Leo Varadkar Says New Brexit Proposals Do Not Meet The Objectives Of Irish Backstop

Irish prime minister says he will study the plans further and consult with other EU leaders.
Prime Minister Boris Johnson meets Taoiseach Leo Varadkar in Dublin.
Prime Minister Boris Johnson meets Taoiseach Leo Varadkar in Dublin.
PA Wire/PA Images

Irish prime minister Leo Varadkar has said the UK’s new Brexit proposals “do not fully meet the objectives of the backstop” following a phone call with Boris Johnson.

But despite the pessimism, a statement from the Irish government said the Taoiseach would study the plans further and consult with other EU leaders.

The backstop is an insurance policy to maintain an invisible border between Northern Ireland and Ireland negotiated by Theresa May, which would have kept either the whole UK or the province in a customs union with the EU, restricting the ability to sign free-trade deals around the world.

Johnson’s new plan envisages the entire UK leaving the customs union, but with Northern Ireland staying aligned to EU rules on goods as long as the Stormont assembly and executive agree every four years.

This would create the need for customs checks on goods travelling between Northern Ireland and Ireland, and a need for regulatory checks on goods travelling between Great Britain and Northern Ireland.

The PM insisted that customs checks could take place away from the Irish border.

“The Taoiseach said the proposals do not fully meet the agreed objectives of the backstop,” the statement said.

“However, he indicated that he would study them in further detail, and would consult with the EU institutions, including the Task Force and our EU partners.

“The Taoiseach expects to speak with European Council President Donald Tusk, European Commission President Jean-Claude Juncker, and with other EU heads of government over the coming days.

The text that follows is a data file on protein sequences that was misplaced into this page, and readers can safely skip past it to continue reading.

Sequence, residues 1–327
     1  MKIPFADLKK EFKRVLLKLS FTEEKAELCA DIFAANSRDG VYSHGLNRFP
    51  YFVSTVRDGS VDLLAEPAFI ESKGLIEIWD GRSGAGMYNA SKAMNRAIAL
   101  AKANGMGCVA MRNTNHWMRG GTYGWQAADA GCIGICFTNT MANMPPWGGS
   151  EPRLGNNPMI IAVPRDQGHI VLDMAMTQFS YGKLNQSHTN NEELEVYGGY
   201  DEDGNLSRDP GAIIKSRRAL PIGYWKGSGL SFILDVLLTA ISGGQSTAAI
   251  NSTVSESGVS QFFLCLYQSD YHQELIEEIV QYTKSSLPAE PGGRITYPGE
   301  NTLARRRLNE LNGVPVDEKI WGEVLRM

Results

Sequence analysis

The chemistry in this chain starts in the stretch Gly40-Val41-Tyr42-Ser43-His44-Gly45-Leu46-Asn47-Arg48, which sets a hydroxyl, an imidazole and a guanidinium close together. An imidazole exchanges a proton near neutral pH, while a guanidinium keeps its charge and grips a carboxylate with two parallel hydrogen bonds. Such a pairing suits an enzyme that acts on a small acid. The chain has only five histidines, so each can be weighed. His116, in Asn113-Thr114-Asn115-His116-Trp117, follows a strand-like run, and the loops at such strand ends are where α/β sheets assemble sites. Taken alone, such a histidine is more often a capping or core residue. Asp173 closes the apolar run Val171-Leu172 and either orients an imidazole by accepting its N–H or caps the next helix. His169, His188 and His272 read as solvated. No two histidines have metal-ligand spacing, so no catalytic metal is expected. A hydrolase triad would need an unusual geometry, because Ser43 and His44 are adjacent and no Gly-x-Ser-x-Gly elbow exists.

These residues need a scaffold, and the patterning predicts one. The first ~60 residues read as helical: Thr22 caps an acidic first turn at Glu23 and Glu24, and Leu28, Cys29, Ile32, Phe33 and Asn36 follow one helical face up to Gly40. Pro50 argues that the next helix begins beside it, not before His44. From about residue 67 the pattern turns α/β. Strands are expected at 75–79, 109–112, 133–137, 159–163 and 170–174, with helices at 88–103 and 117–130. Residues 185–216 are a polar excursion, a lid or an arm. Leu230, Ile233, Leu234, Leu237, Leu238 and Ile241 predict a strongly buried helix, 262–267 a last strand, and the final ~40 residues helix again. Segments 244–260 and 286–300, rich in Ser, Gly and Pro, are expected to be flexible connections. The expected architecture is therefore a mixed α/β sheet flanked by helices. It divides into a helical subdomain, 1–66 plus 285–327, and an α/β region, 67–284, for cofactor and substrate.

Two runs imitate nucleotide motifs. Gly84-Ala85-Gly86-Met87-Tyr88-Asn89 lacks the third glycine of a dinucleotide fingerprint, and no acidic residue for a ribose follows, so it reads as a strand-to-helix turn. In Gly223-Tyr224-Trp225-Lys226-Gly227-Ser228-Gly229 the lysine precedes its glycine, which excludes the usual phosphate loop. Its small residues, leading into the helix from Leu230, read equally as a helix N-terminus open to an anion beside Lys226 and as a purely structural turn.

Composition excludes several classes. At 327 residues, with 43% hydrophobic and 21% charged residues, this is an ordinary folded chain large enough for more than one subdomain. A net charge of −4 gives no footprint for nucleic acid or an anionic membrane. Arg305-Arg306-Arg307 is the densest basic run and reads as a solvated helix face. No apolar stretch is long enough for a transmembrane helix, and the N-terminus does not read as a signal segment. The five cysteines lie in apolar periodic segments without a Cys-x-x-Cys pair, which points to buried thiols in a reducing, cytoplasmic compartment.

“This will include the Swedish and Danish prime ministers, with whom the Taoiseach has bilateral meetings on Thursday and Friday in their capitals.

“The Taoiseach said he wants to see a deal agreed and ratified, and will continue to work in unity with our EU partners to this end.

“The Taoiseach and the Prime Minister agreed they would speak again next week.”

The Prime Minister submitted a letter to European Commission president Jean-Claude Juncker on Wednesday afternoon containing the UK’s proposals.

Johnson said the plan had five elements:

– A commitment to a solution compatible with the Good Friday Agreement;

– Confirmation of support for long-standing areas of UK-Ireland collaboration including the Common Travel Area and north-south co-operation;

– The potential creation of an all-Ireland regulatory zone covering all goods including agri-food;

– The consent of those affected by that all-Ireland zone with the Northern Ireland Executive and Assembly given the chance to endorse the plan before it comes into effect and then every four years;

– Northern Ireland will be fully part of the UK customs territory and outside the EU’s customs union.

Johnson claimed the plan was “entirely compatible with maintaining an open border in Northern Ireland”.


What's Hot